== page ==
“New normal” is a phrase we’ve become familiar with in this post-bubble real estate industry. It describes the current landscape of home prices that are lower than their peak but still healthy and steadily rising, stricter lending standards, and continued low (albeit slightly rising) interest rates.
But if you think about it, the term “new normal” really just connotes a recent change. I should know, I just had a baby five months ago – believe me, I’m living in a new normal.
So I’d like to point out another new normal: the situation of the Millennial generation.
I’m sure you’ve read reports saying that many young adults are putting off buying a house because they’re strapped with college loan debt (which, the New York Times aptly points out, is due to rising tuition costs outpacing income levels, among other reasons). More Millennials are returning to their parents’ homes after college to save money. They’re delaying both marriage and starting a family. Many of them are still trying to decide if they ever want to get married and/or have children.
But what else do we know about Gen Y?
Yes, they have higher student loan debt than previous generations, but they’re also more highly educated. According to the U.S. Bureau of Labor Statistics, 66.2 percent of 2012 high school graduates are enrolled in colleges or universities (71.3 percent of young women and 61.3 percent of young men), as compared to 61.7 percent of grads who went to college in 1992 and 49.2 percent 40 years ago. More are seeking higher post-graduate degrees as well. And overall, Gen Y has less debt from material items than older generations, shying away from credit cards and fancy cars.
There’s also one more thing we know about Millennials: They love houses — or at least the idea of a owning a home of their own. Continue reading »
By Erica Christoffer, Multimedia Web Producer, REALTOR® Magazine
Sam Foster is a well-prepared real estate professional. But what he likes even more than being well prepared is looking well prepared to his clients.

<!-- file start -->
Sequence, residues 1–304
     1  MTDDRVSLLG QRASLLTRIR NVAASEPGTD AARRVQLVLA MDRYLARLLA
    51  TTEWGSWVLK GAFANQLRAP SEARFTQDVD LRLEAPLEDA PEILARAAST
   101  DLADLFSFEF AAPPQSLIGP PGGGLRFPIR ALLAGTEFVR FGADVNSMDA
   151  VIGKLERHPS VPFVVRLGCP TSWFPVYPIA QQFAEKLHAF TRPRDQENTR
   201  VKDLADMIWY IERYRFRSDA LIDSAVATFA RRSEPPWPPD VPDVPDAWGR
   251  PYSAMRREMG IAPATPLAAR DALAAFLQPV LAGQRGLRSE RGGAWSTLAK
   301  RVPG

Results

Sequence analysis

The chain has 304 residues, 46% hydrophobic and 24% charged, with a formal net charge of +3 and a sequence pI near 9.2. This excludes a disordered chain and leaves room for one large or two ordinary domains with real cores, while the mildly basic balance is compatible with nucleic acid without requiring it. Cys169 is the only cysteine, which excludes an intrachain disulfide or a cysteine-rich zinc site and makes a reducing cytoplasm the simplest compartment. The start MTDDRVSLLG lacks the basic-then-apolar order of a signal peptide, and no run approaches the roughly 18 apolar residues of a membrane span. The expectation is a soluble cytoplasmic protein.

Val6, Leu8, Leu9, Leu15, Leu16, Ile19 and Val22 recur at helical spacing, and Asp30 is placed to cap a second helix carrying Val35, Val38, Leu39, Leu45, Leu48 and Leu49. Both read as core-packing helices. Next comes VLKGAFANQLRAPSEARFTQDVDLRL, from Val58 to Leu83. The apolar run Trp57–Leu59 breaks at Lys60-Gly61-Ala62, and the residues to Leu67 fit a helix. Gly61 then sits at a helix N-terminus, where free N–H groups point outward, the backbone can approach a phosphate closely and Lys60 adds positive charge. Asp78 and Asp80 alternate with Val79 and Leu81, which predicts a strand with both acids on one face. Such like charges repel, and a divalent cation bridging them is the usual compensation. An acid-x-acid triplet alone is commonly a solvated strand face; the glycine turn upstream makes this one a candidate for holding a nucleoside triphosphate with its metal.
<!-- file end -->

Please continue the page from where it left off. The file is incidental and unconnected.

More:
An executive vice president with Jones Lang LaSalle in Los Angeles, with more than 30 years in the real estate business, Foster’s secret weapon is his 11-page statement of requirement questionnaire.
Yes, 11 pages might sound intimidating, but for Foster it never fails at identifying his clients’ location needs.
Industrial real estate is Foster’s specialty, thus, his questionnaire covers such issues as number of docks and clearance space required, etc. But he also asks questions such as: What kind of hotels do you need nearby? How oven do you make trips to the post office? Do you want a large, impressive lobby that will wow your clients? How are you going to grow?
“They have to think through these issues,” Foster said during his presentation at the Commercial Leadership Forum during the Midyear Legislative Meetings & Trade Expo in Washington, D.C. today. “You have to have that conversation.” Continue reading »
By Katherine Tarbox, Senior Editor, REALTOR® Magazine
This morning I read an article on CNN.com about handwritten letters in the digital age. While producing the Masters Series videos, I’ve spent days watching how top-producing real estate pros run their business. Each has their own secret sauce, but every one of the practitioners we’ve profiled has stressed the importance of touching people.
Sue Smith, SRES, associate broker of RE/MAX Premier in Dulles, Va., keeps stacks of thank-you notes in her office and home. She makes a point to sit down at the end of the day to quickly write thank-you’s to the people who attended her open houses or who called her for a lead. Smith felt that people remembered her more because she took the time to write the note and mail it. Continue reading »